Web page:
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Yes, R mode switches all electronics off, even ABS. But if it's beyond driver's control, stability control switches on automatically.
On the 4C Race Mode does not switch off the ABS.

What actually happens is that Race Mode switches off the traction and stability controls. However if you brake to the point where ABS activates, the stability control comes back on briefly until the car thinks you have everything under control again...
 

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Will someone please explain the reasoning behind the disabling of this feature; and does anyone know how to enable it or lead me to someone who does?
The gearbox automatically selects neutral when required.

There would never be a reason to manually select neutral.
 

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"When required," by what or whom? Please explain.

When sitting at a traffic light, with the stop/start feature having been disabled at start-up, what prevents the transmission from pulling the vehicle forward if the driver is unable to select Neutral when in manual (shift-paddle) mode? Yes, I'm aware one can prevent the "creep" forward by depressing the brake peddle and holding it down; some of us who have only ever driven manual transmission vehicles as our DDs find this quirk rather annoying.

When in automatic mode one can simply push the gear-lever forward into Neutral once stopped and pull it back into Drive when the light changes. Please note, use of the lever-release button is not required in this situation; nor is its use required when going from Reverse through Neutral into Drive.
 

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Discussion Starter #408
Not sure what this auto BS has to do with wanting a manual gearbox......?

Just delete these posts and start your own thread to do with your actual issue so that some else on the forum having the same issues can find the solution instead of hijacking threads.
 

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Addressing your original topic: Currently, with the singular exception of the left-hand drive QV, no Giulia with an ICE is available with a MT (and, there are no plans to offer such an option); even that will be going away with the Giulia's mid-cycle refresh. The only Giulias where a MT is available as an option are ones with a CIE.

Having driven MT's for sixty (60) years and being hesitant about an AR with an AT, I test drove a Ti Lusso with the Performance Package [paddle shifters, LSD, adaptive dampers (loved my '95 164 QV which had them)]. With the dna rotary knob set to Dynamic, the dampers set to Firm, and the gear-lever set to Manual Mode, the transmission held any gear (which it will not do in the other two settings) until one flicks a paddle to go up or down and it did so twice as fast as when in the other dna settings. I am in agreement with the auto journalists, the ZF 8HP50 (second generation) is one superb transmission ...very involving! I immediately ordered up a '18 Ti Sport (for the sport seats) with the Sport Performance Package (Q2).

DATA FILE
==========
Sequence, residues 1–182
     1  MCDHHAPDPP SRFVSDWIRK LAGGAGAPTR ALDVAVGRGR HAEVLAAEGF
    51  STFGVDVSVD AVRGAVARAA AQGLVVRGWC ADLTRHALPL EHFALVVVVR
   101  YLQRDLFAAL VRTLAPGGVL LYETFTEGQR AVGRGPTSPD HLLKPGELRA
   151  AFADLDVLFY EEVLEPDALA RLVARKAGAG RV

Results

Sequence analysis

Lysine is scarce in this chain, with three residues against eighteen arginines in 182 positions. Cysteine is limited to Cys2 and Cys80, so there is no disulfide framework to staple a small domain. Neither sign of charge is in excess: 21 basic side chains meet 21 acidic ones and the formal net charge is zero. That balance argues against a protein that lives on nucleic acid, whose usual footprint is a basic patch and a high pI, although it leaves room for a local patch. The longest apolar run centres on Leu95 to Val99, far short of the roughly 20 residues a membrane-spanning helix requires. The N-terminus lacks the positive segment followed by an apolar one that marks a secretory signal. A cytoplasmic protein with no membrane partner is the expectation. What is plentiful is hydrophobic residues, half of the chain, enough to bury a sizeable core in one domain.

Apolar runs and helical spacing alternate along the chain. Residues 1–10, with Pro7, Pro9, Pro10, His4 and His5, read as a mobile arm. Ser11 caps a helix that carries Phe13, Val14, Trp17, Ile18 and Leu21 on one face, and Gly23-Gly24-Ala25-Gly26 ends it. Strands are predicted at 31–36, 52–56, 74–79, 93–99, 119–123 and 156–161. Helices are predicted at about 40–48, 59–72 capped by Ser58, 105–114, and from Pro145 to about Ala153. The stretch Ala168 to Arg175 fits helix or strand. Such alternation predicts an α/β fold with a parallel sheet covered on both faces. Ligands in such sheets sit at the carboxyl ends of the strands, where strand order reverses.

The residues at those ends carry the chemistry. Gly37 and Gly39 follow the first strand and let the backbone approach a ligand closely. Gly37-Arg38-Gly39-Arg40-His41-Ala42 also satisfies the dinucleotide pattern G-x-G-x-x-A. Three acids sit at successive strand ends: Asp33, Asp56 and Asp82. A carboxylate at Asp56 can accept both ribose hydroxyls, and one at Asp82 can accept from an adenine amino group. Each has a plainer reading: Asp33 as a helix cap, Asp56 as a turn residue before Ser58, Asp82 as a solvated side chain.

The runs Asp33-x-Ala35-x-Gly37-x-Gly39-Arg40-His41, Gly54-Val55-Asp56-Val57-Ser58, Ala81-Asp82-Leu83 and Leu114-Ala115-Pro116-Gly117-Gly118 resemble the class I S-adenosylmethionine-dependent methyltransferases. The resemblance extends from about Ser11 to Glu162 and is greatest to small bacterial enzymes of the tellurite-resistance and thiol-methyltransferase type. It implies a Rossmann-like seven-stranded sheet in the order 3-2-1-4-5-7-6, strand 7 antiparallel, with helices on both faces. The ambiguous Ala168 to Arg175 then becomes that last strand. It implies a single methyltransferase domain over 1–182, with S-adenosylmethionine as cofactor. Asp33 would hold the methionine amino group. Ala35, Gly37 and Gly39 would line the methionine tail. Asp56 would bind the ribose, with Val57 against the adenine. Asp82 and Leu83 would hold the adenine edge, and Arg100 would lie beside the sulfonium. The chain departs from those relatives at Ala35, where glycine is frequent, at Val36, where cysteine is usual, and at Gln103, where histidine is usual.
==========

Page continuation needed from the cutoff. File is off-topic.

Conversations drift. This thread had been doing so for several pages before I joined in. Don't let yourself get obsessed with it.
 

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Manual 'box please! I just bought a 2018 Ti Sport Q4 Performance. They only reason I didn't buy one a year ago is because I wanted a manual gearbox. I still do. BMW and Audi both offer a manual, but faking the engine sound is absolutely unforgivable. The Giulia was just much better to drive. The 8-spd auto works great, and the beautifully-done aluminum paddles (the material and the motion) make them FAR more satisfying to use than any competitors' paddles. It's still NO SUBSTITUTE for a proper manual 'box.
 

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"When required," by what or whom? Please explain.

When sitting at a traffic light, with the stop/start feature having been disabled at start-up, what prevents the transmission from pulling the vehicle forward if the driver is unable to select Neutral when in manual (shift-paddle) mode? Yes, I'm aware one can prevent the "creep" forward by depressing the brake peddle and holding it down; some of us who have only ever driven manual transmission vehicles as our DDs find this quirk rather annoying.

When in automatic mode one can simply push the gear-lever forward into Neutral once stopped and pull it back into Drive when the light changes. Please note, use of the lever-release button is not required in this situation; nor is its use required when going from Reverse through Neutral into Drive.
The brake pedal should ALWAYS be applied while stopped unless parked, unless you set the emergency brake instead in which case the transmission should be in neutral or park.

It is bad practice to continually select neutral when stopped for a short time. The automatic is engineered to remain in drive in those situations. Selecting neutral and then drive actually causes more wear in the transmission than leaving it in drive.
 

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Manual 'box please! I just bought a 2018 Ti Sport Q4 Performance. They only reason I didn't buy one a year ago is because I wanted a manual gearbox. I still do. BMW and Audi both offer a manual, but faking the engine sound is absolutely unforgivable. The Giulia was just much better to drive. The 8-spd auto works great, and the beautifully-done aluminum paddles (the material and the motion) make them FAR more satisfying to use than any competitors' paddles. It's still NO SUBSTITUTE for a proper manual 'box.
The problem is that the newest automatics are a substitute for manual shift. That's why manual gearboxes are becoming obsolete.

Manual gearboxes are still purchased for essentially sentimental or esthetic reasons, like wearing a tuxedo for example or riding a horse.